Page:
LETHBRIDGE, Alberta – From the bench, the pats on the helmets began with 30 seconds remaining.
As time expired, the Spokane Chiefs poured onto the ice, tossed aside their gloves, helmets and sticks, and the celebration began.
Upon completion of their 4-1 victory over the Lethbridge Hurricanes on Wednesday night at the Enmax Center, Chiefs captain Chris Bruton kissed the Ed Chynoweth Cup and lifted it into the air as a crowd of 5,092 – peppered with Spokane fans who made the 380-mile trek to witness history – looked on.
For the first time in 17 years and the second time in franchise history, the Chiefs are Western Hockey League champions and in the process earned a trip to Kitchener, Ontario, for a chance to win the coveted Memorial Cup.
“Look – first team ever, right there,” Chiefs coach Bill Peters said, holding the Cup out to Chiefs general manager Tim Speltz on the ensuing on-ice festivities. “Forever, right? Forever. That’s ours.”
The league championship trophy, which was renamed from the President’s Cup to the Ed Chynoweth Cup after last season in honor of the recently deceased Chynoweth – a pioneer in the league and a close friend of Speltz’s – served as a reminder of the long wait. Speltz was with Spokane when it won the league title in 1991, the same year the Chiefs won the franchise’s only Memorial Cup championship.
“We won it our first year in Spokane and you think, ‘Well, this is going to happen a lot,’ and it doesn’t – it just doesn’t,” said Speltz. “It’s very special, especially with this group of guys with how they’ve come together and how we accumulated every guy – whether it was through the draft or a trade or a free agent.
“For me to be the first one to win that Cup, it’s unbelievable,” added a choked-up Speltz.
Liberty Lake native Tyler Johnson, a WHL rookie this season, was named the series MVP after scoring three goals – including one Wednesday and two that counted as game-winners in the series.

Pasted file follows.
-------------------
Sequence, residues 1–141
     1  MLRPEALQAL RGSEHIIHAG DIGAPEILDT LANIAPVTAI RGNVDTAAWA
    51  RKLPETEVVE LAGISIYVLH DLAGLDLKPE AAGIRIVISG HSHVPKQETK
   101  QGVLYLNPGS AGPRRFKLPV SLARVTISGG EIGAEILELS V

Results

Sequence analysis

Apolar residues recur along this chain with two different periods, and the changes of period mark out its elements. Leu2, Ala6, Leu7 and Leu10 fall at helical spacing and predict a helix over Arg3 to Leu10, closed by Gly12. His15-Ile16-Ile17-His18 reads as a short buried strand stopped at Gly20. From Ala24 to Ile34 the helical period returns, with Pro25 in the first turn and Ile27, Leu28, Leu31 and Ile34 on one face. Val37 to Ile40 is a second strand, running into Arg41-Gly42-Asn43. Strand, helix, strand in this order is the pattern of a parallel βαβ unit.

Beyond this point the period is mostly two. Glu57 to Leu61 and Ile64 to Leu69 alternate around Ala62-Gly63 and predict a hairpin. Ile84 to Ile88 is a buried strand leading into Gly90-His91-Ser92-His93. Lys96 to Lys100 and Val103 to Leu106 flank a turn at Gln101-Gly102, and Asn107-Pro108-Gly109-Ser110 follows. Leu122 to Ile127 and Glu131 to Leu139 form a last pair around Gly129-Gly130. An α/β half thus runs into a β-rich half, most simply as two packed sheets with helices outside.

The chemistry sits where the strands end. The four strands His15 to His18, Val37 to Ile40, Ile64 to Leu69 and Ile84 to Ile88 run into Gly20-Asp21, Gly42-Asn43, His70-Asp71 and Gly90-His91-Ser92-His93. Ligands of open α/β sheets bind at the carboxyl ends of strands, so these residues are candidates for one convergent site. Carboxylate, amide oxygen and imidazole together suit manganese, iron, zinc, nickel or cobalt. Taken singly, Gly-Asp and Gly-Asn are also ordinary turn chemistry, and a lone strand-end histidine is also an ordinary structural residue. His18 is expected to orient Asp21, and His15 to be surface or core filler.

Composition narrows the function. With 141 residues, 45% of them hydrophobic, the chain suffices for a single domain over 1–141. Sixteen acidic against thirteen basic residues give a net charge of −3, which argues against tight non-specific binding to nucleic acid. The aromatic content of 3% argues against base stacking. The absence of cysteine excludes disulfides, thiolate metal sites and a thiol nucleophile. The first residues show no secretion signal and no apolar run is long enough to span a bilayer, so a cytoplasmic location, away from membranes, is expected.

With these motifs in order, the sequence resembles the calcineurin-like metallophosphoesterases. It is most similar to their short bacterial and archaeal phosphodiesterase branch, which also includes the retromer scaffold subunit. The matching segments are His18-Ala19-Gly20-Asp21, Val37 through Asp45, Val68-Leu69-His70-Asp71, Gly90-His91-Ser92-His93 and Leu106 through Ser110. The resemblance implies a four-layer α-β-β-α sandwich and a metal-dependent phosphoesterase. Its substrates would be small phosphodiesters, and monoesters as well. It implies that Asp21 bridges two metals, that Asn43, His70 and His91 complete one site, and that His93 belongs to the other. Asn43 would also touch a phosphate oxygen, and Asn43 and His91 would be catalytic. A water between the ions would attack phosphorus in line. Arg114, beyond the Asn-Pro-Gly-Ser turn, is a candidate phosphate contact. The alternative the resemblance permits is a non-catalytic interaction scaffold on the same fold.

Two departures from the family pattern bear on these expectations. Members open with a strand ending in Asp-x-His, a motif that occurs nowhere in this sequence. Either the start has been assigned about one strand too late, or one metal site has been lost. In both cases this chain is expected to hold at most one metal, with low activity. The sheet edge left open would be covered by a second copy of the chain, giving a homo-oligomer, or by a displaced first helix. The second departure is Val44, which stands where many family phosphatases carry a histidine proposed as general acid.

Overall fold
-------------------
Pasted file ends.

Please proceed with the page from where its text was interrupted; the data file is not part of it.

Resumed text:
Through 21 playoff games, Johnson has recorded five goals and three assists.
“It’s unbelievable – last time Spokane went to the (Memorial) Cup was in 1991 when I was born,” said Johnson, whose goal 3 minutes, 37 seconds into the second period gave the Chiefs a 2-0 lead. “We played great this series. We probably had the toughest road in the playoffs, so we’re going to take it and enjoy it and hopefully win one more cup.”
It was clear from the drop of the puck that the Chiefs were in no mood to extend the series to a potential fifth game here on Friday.
Drayson Bowman fed Mitch Wahl on the left post and the Chiefs took a 1-0 lead 13:37 into the opening period.
“They’re good at what they do – they play a solid defensive game and then they capitalize,” Hurricanes overage forward Mike Wuchterl said. “As soon as you make one mistake, it’s in the back of your net.”
After Johnson scored early in the second, Nick Hotson netted the Canes’ goal at 5:28 and Lethbridge kept it a one-goal game until early in the third period. That’s when David Rutherford and Ondrej Roman went to work.
Rutherford scored on a power play at 2:20 and Roman added another insurance goal with less than 4 minutes remaining – the ninth playoff goal for each.
Goalie Dustin Tokarski finished with 17 saves to improve his playoff record in net for Spokane to 16-5.
He and Peters shared a long hug on the ice before Tokarski was handed the hardware for the first time.
“You can’t describe it, because it’s so emotional in a lot of ways,” said Peters. “I’m so proud of my guys, and how hard they work and they really do appreciate each other and care for each other. That’s the biggest thing this team has going. We had our ups and downs, and not many downs, and we’ve grown from our adversity.
“We’re a family.”
Mitch Holmberg, the Chiefs’ first-round bantam draft pick this year, and former Chiefs coach Bryan Maxwell, who led Spokane to the Memorial Cup win in 1991, were in attendance. … The Memorial Cup is from May 16-25.
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